Project Management - Preventing Project Slips

 


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Can Project Managers prevent projects from slipping?

Ask a techie to come up with a schedule for a specific list of activities, and more often than not, he/she will present a fairly accurate estimate. Some activities might be underestimated, others overestimated, but overall, the plan will be fairly accurate.

However, something happens to these estimates between the time the techie writes them down and the time the Project Manager publishes a baseline project schedule. That “something” is why projects slip.

Projects tend to slip for two reasons. Either Project Managers don’t account for derivative activities such as vacation days when planning the overall project schedule, or they simply succumb to the pressure from management to compress the schedule.

The case surrounding derivative activities is well documented here or on The Project Mangler (www.projectmangler.com), so I won’t spend any more time on it. The case surrounding management pressure is not.

Management Pressure

Assuming your techies have estimated each task and that you’ve considered derivative activities, your project schedule should be accurate. Aggressive, but realistic.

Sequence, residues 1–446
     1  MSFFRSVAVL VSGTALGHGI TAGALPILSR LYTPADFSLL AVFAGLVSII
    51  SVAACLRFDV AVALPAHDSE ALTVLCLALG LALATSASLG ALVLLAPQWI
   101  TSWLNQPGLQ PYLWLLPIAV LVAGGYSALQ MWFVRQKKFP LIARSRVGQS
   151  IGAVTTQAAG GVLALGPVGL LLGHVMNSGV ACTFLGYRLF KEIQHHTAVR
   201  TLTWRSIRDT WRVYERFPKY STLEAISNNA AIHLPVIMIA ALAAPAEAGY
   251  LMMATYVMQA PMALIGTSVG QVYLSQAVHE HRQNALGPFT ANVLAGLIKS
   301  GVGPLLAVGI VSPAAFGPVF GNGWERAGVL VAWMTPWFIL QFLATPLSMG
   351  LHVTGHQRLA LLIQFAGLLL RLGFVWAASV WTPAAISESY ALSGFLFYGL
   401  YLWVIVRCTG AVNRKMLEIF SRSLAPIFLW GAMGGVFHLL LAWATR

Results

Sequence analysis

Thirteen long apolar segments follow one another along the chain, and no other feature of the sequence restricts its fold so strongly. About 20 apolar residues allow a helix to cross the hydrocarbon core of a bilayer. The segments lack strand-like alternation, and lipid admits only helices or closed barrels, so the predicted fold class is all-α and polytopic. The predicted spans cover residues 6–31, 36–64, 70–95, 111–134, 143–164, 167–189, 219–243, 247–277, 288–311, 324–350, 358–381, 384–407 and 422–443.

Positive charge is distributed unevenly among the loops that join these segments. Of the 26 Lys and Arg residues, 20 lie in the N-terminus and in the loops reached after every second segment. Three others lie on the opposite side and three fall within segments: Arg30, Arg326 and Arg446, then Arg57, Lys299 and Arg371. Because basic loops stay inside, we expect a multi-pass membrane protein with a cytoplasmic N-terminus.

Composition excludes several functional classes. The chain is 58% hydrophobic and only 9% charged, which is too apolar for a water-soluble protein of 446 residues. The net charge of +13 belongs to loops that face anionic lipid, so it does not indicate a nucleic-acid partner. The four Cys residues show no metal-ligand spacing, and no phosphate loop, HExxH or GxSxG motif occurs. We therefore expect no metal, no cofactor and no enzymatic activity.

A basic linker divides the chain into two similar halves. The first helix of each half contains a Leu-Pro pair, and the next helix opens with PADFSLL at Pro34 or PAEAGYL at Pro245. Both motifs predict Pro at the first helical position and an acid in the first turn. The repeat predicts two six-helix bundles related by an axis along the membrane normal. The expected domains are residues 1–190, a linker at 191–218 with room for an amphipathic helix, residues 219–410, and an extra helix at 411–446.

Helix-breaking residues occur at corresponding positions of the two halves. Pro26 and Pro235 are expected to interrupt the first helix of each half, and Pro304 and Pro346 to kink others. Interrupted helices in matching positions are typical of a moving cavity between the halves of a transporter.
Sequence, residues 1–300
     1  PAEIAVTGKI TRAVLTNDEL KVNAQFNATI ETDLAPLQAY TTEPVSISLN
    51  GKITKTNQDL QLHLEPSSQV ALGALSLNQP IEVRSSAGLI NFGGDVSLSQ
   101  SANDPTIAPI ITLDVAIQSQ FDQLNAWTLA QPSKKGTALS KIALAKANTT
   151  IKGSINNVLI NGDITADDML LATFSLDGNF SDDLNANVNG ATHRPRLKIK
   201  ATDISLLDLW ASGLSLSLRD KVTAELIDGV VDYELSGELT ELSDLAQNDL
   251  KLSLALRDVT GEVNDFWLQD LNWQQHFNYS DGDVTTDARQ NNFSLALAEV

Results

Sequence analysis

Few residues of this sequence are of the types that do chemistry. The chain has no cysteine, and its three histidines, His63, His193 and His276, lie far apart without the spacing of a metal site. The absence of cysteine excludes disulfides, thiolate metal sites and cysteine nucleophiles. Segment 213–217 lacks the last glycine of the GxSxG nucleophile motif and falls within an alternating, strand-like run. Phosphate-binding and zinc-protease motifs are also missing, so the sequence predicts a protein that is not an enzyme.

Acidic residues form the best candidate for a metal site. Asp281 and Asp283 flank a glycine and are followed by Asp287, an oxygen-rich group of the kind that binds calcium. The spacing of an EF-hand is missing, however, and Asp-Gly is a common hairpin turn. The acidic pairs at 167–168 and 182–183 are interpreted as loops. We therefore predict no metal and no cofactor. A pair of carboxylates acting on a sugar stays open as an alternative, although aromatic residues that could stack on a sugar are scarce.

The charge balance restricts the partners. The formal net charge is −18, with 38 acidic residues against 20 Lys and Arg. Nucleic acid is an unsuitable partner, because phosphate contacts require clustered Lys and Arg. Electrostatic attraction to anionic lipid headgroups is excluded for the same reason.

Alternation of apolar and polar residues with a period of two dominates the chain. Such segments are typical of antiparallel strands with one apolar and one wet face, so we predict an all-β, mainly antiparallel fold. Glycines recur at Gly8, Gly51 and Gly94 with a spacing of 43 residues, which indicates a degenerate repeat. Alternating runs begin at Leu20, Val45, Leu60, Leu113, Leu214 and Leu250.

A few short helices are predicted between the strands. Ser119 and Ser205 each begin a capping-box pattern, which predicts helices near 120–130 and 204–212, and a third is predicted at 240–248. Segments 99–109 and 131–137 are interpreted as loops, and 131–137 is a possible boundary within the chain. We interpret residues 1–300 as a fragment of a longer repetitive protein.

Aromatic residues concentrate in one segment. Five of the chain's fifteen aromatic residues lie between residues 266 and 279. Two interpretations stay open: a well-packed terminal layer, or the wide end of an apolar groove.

Now, present this schedule to the management team, and 8 times out of 10, the feedback you’ll get is “that’s too late”. Eight times out of ten, you’ll be asked to revise the schedule and shorten it.

Project Managers are all too familiar with the project triangle. We know we can shorten a schedule by either (a) reducing the scope of the project, or (b) adding more resources to it. Unfortunately, management either hasn’t seen that triangle or, more likely than not, simply chooses to ignore it.

Consequently, Project Manglers who are more interested in pleasing upper management than keeping honest have come up with their own universal algorithm for shortening project schedules. Take the number of days that need to be cut from the schedule, divide it by the number of major milestones, and then deduct that number from the duration of each milestone. In other words, if a project comprising of 4 major milestones is estimated to last 6 months, but you need to reduce it by one month, you’d take 20 days, and divide it by 4. Take the answer (5), and deduct it from the duration of each milestone. And voila! Works every time.

And at the end of the project, either your techies save the day (by working evenings or weekends) or the project slips.

Conclusion

Can Project Managers prevent projects from slipping? Absolutely. Just stop publishing overly optimistic schedules.

1. Get your techies to help estimate the duration of each development task.

2. Add time to the overall project schedule to account for derivative activities.

3. Don’t succumb to pressure from management

And last but not least…

4. Stick to the basic principles behind the project management triangle. In other words, don’t be a Project Mangler.

Luc K. Richard is the founder and editor of The Project Mangler , a Web site dedicated to turning techies into managers. He invites you to visit http://www.projectmangler.com to download articles, project management tools, templates and checklists.

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